Make job descriptions specific and concise
A confusing or inaccurate job description will negatively impact an applicant’s candidate experience and may attract the wrong job seekers to your company. The content of the description should include an accurate overview of the position’s duties to ensure candidates know exactly what they’re applying for. The physical requirements for a job, if any, can also be described to applicants in the job description, such as if the position requires heavy lifting or standing for long periods. You could mention employee benefits, including opportunities for career development too so that candidates have a clear idea of how they may be able to advance in the role.
Make the application process simple
An application that is difficult and frustrating to complete will dissuade candidates from seeking to work for your organization. Several factors can make a form unnecessarily complex, such as its length and lack of mobile accessibility. Avoid placing irrelevant questions on your forms to prevent job seekers from feeling as though their time is being wasted. It may help to walk through your application before opening it to external professionals to see how long it takes to complete. The easier your application is to finish, the better a job seeker’s candidate experience will be.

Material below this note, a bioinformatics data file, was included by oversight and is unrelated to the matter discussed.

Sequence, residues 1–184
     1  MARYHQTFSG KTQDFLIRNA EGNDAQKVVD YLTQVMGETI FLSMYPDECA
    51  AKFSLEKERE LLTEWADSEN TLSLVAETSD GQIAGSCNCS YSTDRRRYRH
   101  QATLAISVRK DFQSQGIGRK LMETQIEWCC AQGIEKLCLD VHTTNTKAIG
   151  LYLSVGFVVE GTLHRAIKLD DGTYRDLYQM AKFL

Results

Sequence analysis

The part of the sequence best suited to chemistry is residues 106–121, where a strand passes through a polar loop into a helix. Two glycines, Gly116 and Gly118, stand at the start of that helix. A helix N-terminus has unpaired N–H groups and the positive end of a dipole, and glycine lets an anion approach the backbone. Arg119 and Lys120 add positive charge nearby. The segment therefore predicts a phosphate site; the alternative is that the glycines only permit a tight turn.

Keep declined candidates informed and engaged
It’s beneficial for employers to stay in touch with candidates who were not selected for a position. Unsuccessful job seekers should still be informed of the result rather than leaving them to wonder when they’ll hear back from your business. Offering declined applicants constructive feedback they can use for their future applications will elevate their candidate experience and show them your company cares about their success. As part of this, it can be useful to provide unsuccessful candidates with support to improve their chances of finding work, for example by offering guidance on applications and resumes.
Remember that job seekers who missed out this time may be suitable for positions within your organization in the future, so it’s better to avoid burning bridges in favor of maintaining connections with professionals.
Businesses that provide positive candidate experiences for their applicants often stand out among other companies. Establishing a good reputation as an employer will help your company to attract the best talent.INTOO helps employers of all sizes with cost-effective solutions for every stage of the employee lifecycle, including candidate experience, career development, and outplacement services. Contact us to learn how we can make a difference for you and your employees.
INTOO staff writers come from diverse backgrounds and have extensive experience writing about topics that matter to the HR and business communities, including outplacement, layoffs, career development, internal mobility, candidate experience, succession planning, talent acquisition, and more.